Europe’s first LGBT retirement home opens in Stockholm, Sweden


Regnbagen House, Europe’s first LGBT-oriented retirement home, has opened in Stockholm, the capital of Sweden; its name, of course, means “rainbow.”

According to Radio Sweden, the home is located on the top three floors of an eight-story apartment building in the center of the city; almost in its backyard is a harbor serving cruise liners that travel to nearby Latvia, Lithuania, Estonia, and Finland.

At present, Regnbagen House has forty residents in its twenty-seven apartments; some are occupied by singles, some by couples, and many have cats or dogs. The house includes a large terrace on the roof and a common area for parties; residents of the house are 55 and over, but they focus on keeping active lifestyles, making it emphatically not a nursing home.

Regnbagen has attracted people from all over Sweden and already has ninety-five people on its waiting list, showing that there is significant demand for senior LGBT services and housing. It’s classified as a “profile housing project,” meaning a residence for elders with a specific language, religion, or culture; there has even been interest in establishing one for retired police officers.

A resident of Regnbagen, Lars Monone, told Radio Sweden that the criteria for being accepted is “to show that you’re interested in this kind of profile living. Of course we don’t know much about the history of the people queuing for a place here, but most of us have a similar background of living in the closet and not talking about your lifestyle. My feeling is that when you reduce your working hours, you easily walk back into the closet and shut yourself off.”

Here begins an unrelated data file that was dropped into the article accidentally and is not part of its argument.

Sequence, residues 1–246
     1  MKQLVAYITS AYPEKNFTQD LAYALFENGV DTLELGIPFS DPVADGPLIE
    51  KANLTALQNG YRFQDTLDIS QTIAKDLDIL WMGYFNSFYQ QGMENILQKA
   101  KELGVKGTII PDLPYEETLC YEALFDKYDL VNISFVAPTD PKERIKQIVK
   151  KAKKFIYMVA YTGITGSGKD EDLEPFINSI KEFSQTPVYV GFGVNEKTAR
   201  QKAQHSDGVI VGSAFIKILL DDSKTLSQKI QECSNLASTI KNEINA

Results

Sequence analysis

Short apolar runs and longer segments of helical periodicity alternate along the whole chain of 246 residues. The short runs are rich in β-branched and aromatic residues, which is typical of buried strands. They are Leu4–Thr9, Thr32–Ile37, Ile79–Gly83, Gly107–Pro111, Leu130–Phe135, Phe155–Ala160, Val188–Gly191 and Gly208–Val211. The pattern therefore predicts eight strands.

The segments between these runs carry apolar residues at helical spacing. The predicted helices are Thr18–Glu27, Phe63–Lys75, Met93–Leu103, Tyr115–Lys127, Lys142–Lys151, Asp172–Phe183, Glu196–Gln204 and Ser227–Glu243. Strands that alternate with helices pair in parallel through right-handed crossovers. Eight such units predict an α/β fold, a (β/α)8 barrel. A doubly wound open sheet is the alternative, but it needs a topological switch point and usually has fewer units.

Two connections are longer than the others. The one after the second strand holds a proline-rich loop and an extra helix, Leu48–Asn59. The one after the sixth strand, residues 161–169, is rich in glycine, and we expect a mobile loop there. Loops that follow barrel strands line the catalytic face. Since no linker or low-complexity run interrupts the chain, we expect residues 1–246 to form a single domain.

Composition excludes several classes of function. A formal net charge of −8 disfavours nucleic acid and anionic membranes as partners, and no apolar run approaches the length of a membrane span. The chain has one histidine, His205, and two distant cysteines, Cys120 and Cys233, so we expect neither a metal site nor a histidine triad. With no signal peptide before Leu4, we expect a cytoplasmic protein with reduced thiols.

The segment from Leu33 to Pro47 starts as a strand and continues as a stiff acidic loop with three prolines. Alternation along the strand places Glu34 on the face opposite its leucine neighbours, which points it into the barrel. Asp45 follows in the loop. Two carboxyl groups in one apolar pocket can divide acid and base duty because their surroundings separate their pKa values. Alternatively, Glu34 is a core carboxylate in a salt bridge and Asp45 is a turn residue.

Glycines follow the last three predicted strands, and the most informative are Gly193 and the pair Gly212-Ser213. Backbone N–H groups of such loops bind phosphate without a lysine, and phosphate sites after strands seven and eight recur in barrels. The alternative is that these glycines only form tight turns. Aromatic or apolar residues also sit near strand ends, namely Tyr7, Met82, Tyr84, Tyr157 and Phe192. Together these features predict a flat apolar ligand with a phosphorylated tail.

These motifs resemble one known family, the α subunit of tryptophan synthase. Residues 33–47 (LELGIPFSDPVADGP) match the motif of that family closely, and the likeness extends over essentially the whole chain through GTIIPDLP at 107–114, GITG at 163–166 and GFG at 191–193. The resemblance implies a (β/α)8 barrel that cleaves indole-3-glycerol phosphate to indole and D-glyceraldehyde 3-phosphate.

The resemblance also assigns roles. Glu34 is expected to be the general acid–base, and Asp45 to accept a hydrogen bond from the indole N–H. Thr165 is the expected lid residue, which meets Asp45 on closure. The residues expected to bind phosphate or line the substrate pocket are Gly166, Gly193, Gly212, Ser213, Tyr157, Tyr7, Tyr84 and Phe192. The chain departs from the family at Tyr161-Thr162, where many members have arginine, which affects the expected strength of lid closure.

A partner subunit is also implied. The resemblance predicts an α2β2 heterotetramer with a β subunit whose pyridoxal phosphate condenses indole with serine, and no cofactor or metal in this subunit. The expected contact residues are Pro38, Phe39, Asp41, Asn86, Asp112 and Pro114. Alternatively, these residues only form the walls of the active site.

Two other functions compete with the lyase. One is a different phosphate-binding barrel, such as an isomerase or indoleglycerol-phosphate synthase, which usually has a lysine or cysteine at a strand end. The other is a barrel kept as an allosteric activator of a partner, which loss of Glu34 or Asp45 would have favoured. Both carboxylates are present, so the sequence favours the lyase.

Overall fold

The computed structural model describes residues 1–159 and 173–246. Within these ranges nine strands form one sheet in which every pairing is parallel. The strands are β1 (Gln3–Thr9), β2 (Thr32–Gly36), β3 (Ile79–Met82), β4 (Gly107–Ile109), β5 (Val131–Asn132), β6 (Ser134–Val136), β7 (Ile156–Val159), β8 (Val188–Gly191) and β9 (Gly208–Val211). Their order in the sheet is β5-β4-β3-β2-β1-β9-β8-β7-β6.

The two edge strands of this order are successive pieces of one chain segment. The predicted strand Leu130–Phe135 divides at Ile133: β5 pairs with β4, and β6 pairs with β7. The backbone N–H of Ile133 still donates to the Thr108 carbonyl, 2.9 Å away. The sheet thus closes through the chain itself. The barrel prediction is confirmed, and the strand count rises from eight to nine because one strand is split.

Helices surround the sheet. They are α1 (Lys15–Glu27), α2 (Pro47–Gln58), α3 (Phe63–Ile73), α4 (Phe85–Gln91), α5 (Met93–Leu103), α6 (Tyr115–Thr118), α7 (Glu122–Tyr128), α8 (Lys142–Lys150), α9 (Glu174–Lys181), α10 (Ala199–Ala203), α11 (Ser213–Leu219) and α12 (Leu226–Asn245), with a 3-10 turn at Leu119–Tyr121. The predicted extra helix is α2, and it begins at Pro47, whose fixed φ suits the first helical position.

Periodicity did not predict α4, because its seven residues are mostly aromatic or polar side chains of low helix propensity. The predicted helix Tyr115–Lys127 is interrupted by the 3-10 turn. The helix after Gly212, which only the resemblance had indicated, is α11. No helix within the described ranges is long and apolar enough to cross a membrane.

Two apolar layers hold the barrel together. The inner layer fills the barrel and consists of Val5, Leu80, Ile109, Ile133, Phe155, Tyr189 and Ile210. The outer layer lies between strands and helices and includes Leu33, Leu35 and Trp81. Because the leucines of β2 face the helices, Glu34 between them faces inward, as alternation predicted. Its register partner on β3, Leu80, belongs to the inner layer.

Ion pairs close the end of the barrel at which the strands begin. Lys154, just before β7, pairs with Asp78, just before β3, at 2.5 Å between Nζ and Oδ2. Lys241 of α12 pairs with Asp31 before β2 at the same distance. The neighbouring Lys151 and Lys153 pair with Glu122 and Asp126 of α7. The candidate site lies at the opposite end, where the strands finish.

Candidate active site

Another resident of the house, retired art teacher Björn Gate, agreed. “Take cultural minorities, for example. It was discovered long ago that they cope much better with old age when living with people they have something in common with. It matters a lot that you are among kindred spirits.”

According to a November 2013 report by Sweden’s National Board of Health and Welfare, very few same-sex couples in retirement homes live together. There were no legal complaints regarding LGBT eldercare, but the report acknowledged that it doesn’t mean all needs are being met. There is also concern that LGBT elders don’t feel comfortable enough to be open about their sexualities, something many of the residents at Regnbagen House agreed with.

All the residents that Radio Sweden spoke to agreed that one of the biggest draws of Regnbagen was the sense of community, exactly what chairman Christer Fallman said they were hoping to create when plans for the home were drawn up in 2009: a place where “LGBT people can speak their own language and feel secure [in]who they are.”


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